Benefits of Plant-Based and Flexitarian Diets

There are many benefits to plant-based and flexitarian diets. While these two diets are generally less restrictive, there are some nutrition concerns, and it’s important to talk to your doctor or dietitian before incorporating either into your daily diet. Plant-based diets include vegetables, fruits, nuts, seeds, whole grains, and legumes. Listed below are some of the more popular plant-based foods.

Plant-based protein diets are increasingly popular, but there are only a few studies that look at their nutritional profile. In addition to meat, flexitarians often include fermented vegetable foods, such as tempeh. This study examines the nutritional profile of raw tempeh from the USA and Portugal, and the impact of different cooking methods. This study also suggests that plant-based protein diets can provide adequate protein.

The CIA, which tracks trends in American eating habits, recently released a report on plant-based and flexitarian eating. This report teamed up with third-party research firm Datassential to examine the plant-forward eating trend. The findings indicate that more than half of U.S. consumers identify as “meat eaters,” while 22% describe themselves as “flexitarian,” 8% are “vegetarian,” and 6% are vegan.

The most common misconception about these two diets is the difference between a vegan and a plant-based diet. While vegans do not consume animal products, they do eat foods that contain animal-based ingredients. In contrast, pescetarians don’t eat meat, while vegans eliminate all animal products. Flexitarians can incorporate animal-based products into their diets. But the distinction between the two diets is largely personal, and you may want to try both.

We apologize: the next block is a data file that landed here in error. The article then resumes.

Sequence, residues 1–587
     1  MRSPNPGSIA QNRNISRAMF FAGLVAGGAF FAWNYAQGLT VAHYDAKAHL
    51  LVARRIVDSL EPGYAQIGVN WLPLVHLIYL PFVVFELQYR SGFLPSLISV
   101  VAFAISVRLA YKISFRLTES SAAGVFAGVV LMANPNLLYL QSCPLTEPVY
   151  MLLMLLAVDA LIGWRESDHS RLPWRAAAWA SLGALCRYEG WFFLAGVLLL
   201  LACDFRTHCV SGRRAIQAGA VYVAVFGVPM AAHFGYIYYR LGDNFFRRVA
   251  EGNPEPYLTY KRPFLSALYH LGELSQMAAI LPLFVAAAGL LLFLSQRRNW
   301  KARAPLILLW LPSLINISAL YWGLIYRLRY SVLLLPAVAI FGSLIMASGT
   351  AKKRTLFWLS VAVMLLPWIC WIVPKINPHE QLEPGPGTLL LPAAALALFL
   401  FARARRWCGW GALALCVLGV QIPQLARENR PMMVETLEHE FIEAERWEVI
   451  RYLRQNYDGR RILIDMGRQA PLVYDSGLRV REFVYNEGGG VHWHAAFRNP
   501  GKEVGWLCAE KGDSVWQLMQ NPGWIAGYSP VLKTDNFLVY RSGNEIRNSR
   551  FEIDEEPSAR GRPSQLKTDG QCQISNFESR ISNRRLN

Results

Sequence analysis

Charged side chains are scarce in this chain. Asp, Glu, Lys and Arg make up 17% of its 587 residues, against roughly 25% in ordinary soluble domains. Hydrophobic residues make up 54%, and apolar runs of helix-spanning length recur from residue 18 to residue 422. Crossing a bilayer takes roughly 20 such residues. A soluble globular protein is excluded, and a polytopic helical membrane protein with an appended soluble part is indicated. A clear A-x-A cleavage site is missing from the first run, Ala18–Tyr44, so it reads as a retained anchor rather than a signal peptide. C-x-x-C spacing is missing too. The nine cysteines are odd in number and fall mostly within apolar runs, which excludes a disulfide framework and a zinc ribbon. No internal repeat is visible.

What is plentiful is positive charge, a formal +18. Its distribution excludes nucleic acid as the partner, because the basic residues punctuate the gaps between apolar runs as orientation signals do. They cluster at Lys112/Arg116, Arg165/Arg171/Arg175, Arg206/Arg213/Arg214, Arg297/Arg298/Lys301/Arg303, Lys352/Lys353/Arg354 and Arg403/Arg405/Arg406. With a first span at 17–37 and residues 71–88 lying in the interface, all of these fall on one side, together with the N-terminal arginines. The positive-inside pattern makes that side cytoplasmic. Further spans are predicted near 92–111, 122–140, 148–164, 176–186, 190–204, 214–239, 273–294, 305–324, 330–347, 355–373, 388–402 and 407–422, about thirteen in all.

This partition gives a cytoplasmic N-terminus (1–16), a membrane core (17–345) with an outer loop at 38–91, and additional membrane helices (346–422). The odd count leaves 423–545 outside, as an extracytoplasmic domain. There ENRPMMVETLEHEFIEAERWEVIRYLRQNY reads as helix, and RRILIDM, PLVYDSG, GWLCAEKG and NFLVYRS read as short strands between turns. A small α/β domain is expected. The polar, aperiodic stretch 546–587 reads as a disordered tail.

CIA Global Plant-Forward Kitchen is part of an ecosystem of thought leadership initiatives aimed at creating a healthier future for the foodservice industry. The summit builds on Menus of Change, which CIA has co-sponsored with Harvard’s T.H. Chan School of Public Health. The conference will present next-generation strategies for addressing the plant-based movement. The program will also build on Principles of Healthy, Sustainable Menus.

The MIND diet is another great option for those interested in eating a plant-based diet and improving the health of your brain. While there are no strict meal plans, the MIND diet promotes eating ten brain-friendly foods. Compared to other plant-based diets, it may reduce the risk of Alzheimer’s disease. It may also improve cognition and slow down the onset of Parkinson’s disease in older adults.

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